The Nordic Paradox: Violence Against Women in “Gender-Equal” Societies
The Nordic countries are known for their egalitarian societies, but these harbour a dark side, too. All the Nordic countries have above-average levels of intimate partner violence against women (Credit: I T S / Shutterstock.com)
With International Women’s Day in the rear-view mirror and the next one many months ahead, it is time to confront reality and bring the topic of Violence against Women (VAW) to the foreground: standing up for the rights of women is a year-round necessity.
COVID-19 has shown that violence against women is anything but a settled matter, regardless of time and space. Globally, Seven out of ten women think that Intimate Partner Violence against Women (IPVAW) has increased during the pandemic, and one in four feel increasingly unsafe in their own home. A striking 26 percent of all women aged 15 or older have fallen victim to intimate partner violence.
The impact of gender-based violence on the lives of women is often severe: health consequences include not only immediate physical injuries, but also long-term gynaecological problems, sexually transmitted infections, depression, substance abuse and even suicide. Economic costs are also not negligible, with women often being unable to work due to physical or psychological damage.
Gender inequality is often seen as one of the main sources of gender-based violence. And even though low- and middle-income countries—often defined as highly unequal—persistently show higher levels of abuse, gender-based violence has not been eradicated in more egalitarian societies. While 16 percent of women report intimate partner violence over their lifetime in Southern Europe, in Northern Europe the number is substantially higher, at 26 percent.
The Nordic countries are considered to be the most gender equal in Europe, with Sweden, Finland and Denmark consistently ranking among the top 5 on the European Gender Equality Index. Yet, 32 percent of Danish women, 30 percent of Finish women and 28 percent of Swedish women aged 15 or older have experienced physical or sexual intimate partner violence (IPV)—a stark contrast to an EU-average of 22 percent. Similarly, the occurrence of psychological partner violence as well as violence by non-partners against women in these countries is higher than elsewhere in the EU.
The positive relationship between violence against women and gender-equality on a country level is often called the “Nordic Paradox”. What explains this relationship between gender equality and violence against women? Unfortunately, there is no clear answer yet: the Nordic Paradox remains an unanswered question to many. A potential explanation brought forward is the idea that high gender equality might result in backlash effects: intimate partner violence is deployed as a reaction to female empowerment. As traditional gender roles in these societies are dissolved, still-existing masculinity norms become challenged—possibly explaining the higher levels of IPVAW in Northern Europe.
Along similar lines, it could also be argued that the extent of gender equality in the Nordic countries has its limits, especially in the private realm. In short, there could be a disconnect between the social value placed on gender equality and the individual, ingrained perceptions of (traditional) gender roles. An example is when women hold stronger economic positions than their partners: the risk of intimate partner violence against them could increase if their partners still hold traditional gender norms.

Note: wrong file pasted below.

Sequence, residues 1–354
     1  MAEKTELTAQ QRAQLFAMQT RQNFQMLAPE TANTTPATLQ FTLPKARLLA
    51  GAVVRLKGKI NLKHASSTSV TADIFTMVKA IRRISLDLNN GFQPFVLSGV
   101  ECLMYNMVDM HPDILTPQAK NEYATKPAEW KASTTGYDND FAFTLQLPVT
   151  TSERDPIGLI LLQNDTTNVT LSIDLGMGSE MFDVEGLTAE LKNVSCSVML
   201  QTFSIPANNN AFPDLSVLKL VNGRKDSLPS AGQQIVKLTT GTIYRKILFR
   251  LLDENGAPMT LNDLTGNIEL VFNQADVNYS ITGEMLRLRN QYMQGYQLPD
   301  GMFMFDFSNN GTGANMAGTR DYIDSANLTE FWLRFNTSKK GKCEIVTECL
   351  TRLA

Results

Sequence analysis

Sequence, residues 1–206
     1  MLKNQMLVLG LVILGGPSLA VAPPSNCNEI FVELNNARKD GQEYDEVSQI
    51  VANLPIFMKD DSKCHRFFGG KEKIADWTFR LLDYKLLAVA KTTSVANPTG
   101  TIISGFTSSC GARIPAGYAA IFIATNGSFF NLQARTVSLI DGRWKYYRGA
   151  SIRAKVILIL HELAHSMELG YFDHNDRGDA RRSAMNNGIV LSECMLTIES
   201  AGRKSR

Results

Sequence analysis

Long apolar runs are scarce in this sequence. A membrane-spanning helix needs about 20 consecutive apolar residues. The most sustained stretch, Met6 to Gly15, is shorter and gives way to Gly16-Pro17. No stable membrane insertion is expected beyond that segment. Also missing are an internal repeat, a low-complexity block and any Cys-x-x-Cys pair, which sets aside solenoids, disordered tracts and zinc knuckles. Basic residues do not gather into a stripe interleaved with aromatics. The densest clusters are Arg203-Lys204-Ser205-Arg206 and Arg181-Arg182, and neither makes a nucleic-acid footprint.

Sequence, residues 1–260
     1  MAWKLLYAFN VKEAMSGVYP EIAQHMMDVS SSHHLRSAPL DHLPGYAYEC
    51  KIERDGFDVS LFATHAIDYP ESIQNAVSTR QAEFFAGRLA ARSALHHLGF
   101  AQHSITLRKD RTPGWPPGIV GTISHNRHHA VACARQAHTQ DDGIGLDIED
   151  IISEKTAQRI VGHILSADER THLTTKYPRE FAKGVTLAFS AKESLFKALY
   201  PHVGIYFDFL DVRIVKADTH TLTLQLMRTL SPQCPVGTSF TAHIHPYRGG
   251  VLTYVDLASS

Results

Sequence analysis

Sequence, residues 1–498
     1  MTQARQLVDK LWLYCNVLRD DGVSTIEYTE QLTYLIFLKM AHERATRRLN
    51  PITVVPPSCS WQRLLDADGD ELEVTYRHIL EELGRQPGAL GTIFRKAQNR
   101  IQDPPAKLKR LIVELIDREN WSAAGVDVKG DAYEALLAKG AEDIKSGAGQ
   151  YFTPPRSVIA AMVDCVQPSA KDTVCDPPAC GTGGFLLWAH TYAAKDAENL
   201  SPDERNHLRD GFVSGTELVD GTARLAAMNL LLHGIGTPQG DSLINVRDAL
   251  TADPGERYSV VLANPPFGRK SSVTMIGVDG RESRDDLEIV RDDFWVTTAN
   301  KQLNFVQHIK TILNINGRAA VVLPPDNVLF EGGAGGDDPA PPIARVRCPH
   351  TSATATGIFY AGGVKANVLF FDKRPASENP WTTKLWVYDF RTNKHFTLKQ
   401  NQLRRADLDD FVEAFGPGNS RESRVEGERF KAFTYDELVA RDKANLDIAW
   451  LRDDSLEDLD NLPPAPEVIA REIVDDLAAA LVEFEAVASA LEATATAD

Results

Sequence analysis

Simultaneously, it is often argued that rather than the actual case numbers being higher, it is because of a larger share of violence being reported. In Sweden, for example, trust in the police is high: 84 percent of the population has confidence in the authorities, making it more likely for victims to approach them and file a complaint. Moreover, high levels of gender equality could also increase awareness about IPVAW, and normalise talking about it.
Looking at the situation across the English Channel, another concerning pattern has emerged over the last four years in the UK: while reports of rapes are at a record high, the number of actually prosecuted cases have fallen by 70 percent. An increasing share of women also withdraw support for their cases, due to the investigation leading to rigorous interrogations of the victims, or demanding substantial breaches of their privacy such as full access to their smartphones. The lengthiness of the cases and the lack of support puts significant pressure on the victims rather than the abusers.
A safe and accessible reporting culture is important for both identifying the occurrence of (IP)VAW and providing support for women. However, more often than not, responsible authorities dismiss survivors of violence with the notion of false allegations. Worse, blame is frequently put on the victim themselves—for instance for consuming alcohol, or previously having engaged in consensual activity with the perpetrator. This makes many women hesitant to continue pursuing their claim and adds to the systemic root of the problem. While the act of reporting itself might have been made more accessible, the existing institutions often seem inadequate to deal with this issue.
Whether higher levels of gender violence in societies considered equal is due to the ‘Nordic Paradox’ or other factors such as higher reporting cases remains unclear. Importantly, although violence against women is high in Nordic countries relative to the EU average, it is still much lower than in gender-unequal societies outside of Europe. Yet, despite significant achievements regarding gender equality, underlying institutions and norms can impede the eradication of violence against women: gender equality is a work in progress, no matter the level of past achievements.